In this paper about the SABRE engine, there is the following paragraph (emphasis mine):

The water vapour in the atmosphere up to an altitude of around 12 km is a problem for precooled engines, causing them to block with frost in a matter of seconds. A great deal of this water is precipitated in the liquid phase during the cooling of the air and has to be rejected from the engine before it can freeze. Provision then has to be made to stop the build up of ice within the matrix as it precipitates directly from the vapour. A major part of the experimental program has been to demonstrate that this can be achieved.

How might this be achieved? If there is more than one possibility, is there a most likely or an easiest way of doing this?

This should be seen as more of a brainstorming question than as an opinion-based one. After all, Reaction Engines was most secretive about the mechanism, so there will probably not be a definitive, public answer any time before 2013.

  • $\begingroup$ Related space.stackexchange.com/questions/26689/… $\endgroup$ Nov 15, 2019 at 21:02
  • 1
    $\begingroup$ It is explained, in great detail, in patent GB2519153, also published as US patent US20150101334A1 TL;DR: this answer has the jist of it. $\endgroup$
    – user20636
    Nov 15, 2019 at 22:15
  • 2
    $\begingroup$ You might also care to look at how it was achieved for Bond's previous air breathing hydrogen rocket engine, "Swallow" (or Rolls-Royce RB545) -- Due to this method being declared an Official Secret by Her Majesty's Government he had to come up with a different solution for SABRE, as in several other areas the one he came up with was better than the old one. $\endgroup$
    – user20636
    Nov 15, 2019 at 22:21
  • $\begingroup$ @JCRM The more I read about him, the more fascinated I am. Will check out the documentary on him at some point. $\endgroup$ Nov 17, 2019 at 21:16

1 Answer 1


According to an article in the July 20, 2015 issue of Aviation Week, they spray methanol into the precooler to defrost it.

"We inject the methanol at one of the coldest points and we effectively get the mixture of water and methanol to flow forward in the matrix - against the direction of the airflow.... We have multiple injection and removal points in the matrix....Eventually you end up with a situation where you have extracted all the water vapor as liquid from the airflow."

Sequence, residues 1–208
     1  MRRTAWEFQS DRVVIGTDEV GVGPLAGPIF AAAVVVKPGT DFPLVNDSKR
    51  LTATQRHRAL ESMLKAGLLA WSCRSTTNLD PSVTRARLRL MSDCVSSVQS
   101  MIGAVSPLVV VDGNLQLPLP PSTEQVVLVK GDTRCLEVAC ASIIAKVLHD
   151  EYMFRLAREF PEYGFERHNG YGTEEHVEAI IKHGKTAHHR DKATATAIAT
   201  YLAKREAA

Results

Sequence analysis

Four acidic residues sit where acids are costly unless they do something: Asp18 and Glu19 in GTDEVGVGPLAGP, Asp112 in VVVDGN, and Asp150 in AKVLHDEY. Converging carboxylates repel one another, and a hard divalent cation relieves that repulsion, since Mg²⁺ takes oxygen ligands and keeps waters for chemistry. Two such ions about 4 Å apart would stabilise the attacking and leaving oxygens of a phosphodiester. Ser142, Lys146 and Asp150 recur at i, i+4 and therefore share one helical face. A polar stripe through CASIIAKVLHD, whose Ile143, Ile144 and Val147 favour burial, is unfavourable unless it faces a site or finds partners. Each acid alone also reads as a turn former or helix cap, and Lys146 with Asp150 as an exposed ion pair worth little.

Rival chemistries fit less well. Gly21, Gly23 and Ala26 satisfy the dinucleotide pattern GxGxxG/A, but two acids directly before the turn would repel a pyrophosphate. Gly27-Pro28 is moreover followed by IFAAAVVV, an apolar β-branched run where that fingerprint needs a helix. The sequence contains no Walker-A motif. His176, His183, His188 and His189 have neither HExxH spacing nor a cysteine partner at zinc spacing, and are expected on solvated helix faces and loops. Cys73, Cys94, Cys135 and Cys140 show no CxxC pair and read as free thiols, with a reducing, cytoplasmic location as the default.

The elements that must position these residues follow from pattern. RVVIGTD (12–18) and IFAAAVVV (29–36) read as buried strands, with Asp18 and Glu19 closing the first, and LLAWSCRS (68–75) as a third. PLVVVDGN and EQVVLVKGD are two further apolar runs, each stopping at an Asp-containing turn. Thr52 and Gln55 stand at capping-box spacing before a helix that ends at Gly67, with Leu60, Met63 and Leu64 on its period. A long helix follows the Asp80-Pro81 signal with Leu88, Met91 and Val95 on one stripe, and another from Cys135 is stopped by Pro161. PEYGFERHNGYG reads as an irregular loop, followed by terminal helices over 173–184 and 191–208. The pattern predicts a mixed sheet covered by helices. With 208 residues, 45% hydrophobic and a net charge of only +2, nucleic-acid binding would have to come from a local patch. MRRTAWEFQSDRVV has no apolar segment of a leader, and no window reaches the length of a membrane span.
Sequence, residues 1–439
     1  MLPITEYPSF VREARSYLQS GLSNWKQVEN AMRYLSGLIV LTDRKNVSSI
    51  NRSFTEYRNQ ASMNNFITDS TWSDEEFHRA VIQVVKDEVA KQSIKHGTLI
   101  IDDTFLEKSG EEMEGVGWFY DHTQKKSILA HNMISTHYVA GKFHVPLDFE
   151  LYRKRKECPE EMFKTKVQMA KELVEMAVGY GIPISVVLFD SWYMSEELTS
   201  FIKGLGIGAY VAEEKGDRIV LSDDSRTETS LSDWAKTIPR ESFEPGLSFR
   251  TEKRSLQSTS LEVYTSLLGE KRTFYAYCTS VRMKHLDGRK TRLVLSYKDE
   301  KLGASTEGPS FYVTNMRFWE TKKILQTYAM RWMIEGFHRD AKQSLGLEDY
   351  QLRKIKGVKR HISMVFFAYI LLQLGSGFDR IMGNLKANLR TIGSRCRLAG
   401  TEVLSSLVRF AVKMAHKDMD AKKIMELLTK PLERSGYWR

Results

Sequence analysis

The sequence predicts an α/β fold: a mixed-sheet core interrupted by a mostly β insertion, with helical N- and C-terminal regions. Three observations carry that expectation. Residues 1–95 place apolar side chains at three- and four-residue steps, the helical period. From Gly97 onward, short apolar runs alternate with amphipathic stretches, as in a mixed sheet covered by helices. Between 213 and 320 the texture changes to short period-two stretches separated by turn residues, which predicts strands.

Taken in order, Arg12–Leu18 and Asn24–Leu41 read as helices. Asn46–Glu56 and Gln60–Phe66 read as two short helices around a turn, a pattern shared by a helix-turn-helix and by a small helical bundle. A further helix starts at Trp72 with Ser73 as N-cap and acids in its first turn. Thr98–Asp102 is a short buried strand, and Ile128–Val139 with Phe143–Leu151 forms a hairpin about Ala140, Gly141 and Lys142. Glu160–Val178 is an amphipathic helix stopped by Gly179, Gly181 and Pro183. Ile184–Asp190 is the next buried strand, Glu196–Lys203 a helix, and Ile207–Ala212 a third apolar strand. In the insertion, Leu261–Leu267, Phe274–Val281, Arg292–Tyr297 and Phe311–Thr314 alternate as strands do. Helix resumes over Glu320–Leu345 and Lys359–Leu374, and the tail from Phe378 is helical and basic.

-- Reaction Engines Chief Engineer Richard Varvill as quoted in the article

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Available in the archive but may be paywalled

h/t to JCRM who provided a link to the US patent which has additional detail.

  • $\begingroup$ Interesting... is the methanol a consumable which must be re-provisioned for each flight, or is there some sort of recovery cycle for it? $\endgroup$
    – Anthony X
    Nov 17, 2019 at 0:34
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    $\begingroup$ TL;DR: In Skylons A-C it would be a consumable, in LAPCAT it would be topped up (probably after each flight). In more detail @AnthonyX, paragraph 238 the patent suggests the methanol/water could be added back into the airflow and could add 2% to the thrust, in those cases where losing the weight of the methanol is desirable, thus making it a consumable, and paragraph 245 discusses separating the methanol to reduce the total weight of methanol carried, but that would be at the cost of the permanent weight of the distillation (or other) equipment. $\endgroup$
    – user20636
    Nov 17, 2019 at 10:45

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